This is an important part for me. I encouraged vet checks. As a seller I would even provide potential buyers with a list of veterinarians in the area that could provide one and their phone numbers.
When I was selling horses, I never avoided or danced around the subject of a vet check. If the buyer asked me if the horse was sound I would simply tell them that the horse appeared sound to me but that I am not a veterinarian and they should have a vet check done to confirm that.
Of course, I don’t want the veterinary exam part to take too long so I add in a time limit. That way the horse isn’t sitting at my place for weeks waiting to get an appointment with some vet that has a crazy booked schedule.
Transfer of Ownership / Possession
Possession is a sticky subject when it comes to horse sales. Let’s say you sell a horse and the buyer pays in full but they don’t pick it up. The horse has a heart attack and dies (I know an extreme situation), now the buyer doesn’t want to take the horse home.
I’ve heard of cases like this where the seller had to refund all of the purchase price because the buyer never took possession. Again, I’m not a lawyer, but I clarify in my contracts that possession transfers upon receipt of payment. They may not have taken the horse yet but it is theirs to take.
Risk of Loss
Risk of loss is the risk that the horse dies, gets sick or becomes injured. This section goes hand in hand with transfer of ownership / possession above.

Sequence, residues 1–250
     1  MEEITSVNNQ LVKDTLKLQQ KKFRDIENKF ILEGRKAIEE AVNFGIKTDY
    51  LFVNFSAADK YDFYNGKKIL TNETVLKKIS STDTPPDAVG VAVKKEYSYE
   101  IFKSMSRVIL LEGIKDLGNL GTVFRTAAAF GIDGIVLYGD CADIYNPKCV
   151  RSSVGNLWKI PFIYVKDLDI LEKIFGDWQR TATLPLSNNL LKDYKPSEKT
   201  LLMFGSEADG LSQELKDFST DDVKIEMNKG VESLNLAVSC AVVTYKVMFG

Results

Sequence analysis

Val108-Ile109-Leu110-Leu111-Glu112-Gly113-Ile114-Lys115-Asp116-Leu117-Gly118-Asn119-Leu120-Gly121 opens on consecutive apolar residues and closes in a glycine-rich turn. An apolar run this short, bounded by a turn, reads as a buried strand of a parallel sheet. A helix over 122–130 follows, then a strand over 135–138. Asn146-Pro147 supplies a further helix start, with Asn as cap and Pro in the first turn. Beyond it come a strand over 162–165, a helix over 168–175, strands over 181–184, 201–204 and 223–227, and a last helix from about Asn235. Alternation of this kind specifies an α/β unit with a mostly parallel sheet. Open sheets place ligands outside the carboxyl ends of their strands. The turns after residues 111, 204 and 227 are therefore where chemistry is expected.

Registration papers are important, as is a signed transfer. If I say a horse is registered, I always gave the papers and a signed transfer at time of delivery or pickup. True story, I have had buyers come back years later saying I didn’t provide the documentation. It is for situations like these that it is always best to have the buyer initial they have received all documentation in good order.
Pro Tip: If you can, make a copy of all documents before handing them over.
Fill in the Blank
I added this for you so you can write in whatever. I realize sometimes you totally blank on having a bill of sale ready and you need a printable horse bill of sale form now. When you sign up you’ll be redirected to the .pdf printable horse bill of sale form but I’ll also send you an email with a link to the google docs version you can edit / mock up as you see fit when you aren’t in a hurry.
If you do customize the document to meet your needs, keep a blank copy in your glove box, at the barn, in the horse trailer, etc. You never know when you might need it.
Laws & Entire Agreement
I saw this on a lot of contracts so I added it in mine. It basically says I live in xxx state and if you want to sue me you have to sue me in my state. This avoids problems where someone buys your horse from out of state and wants to file a lawsuit in their home state.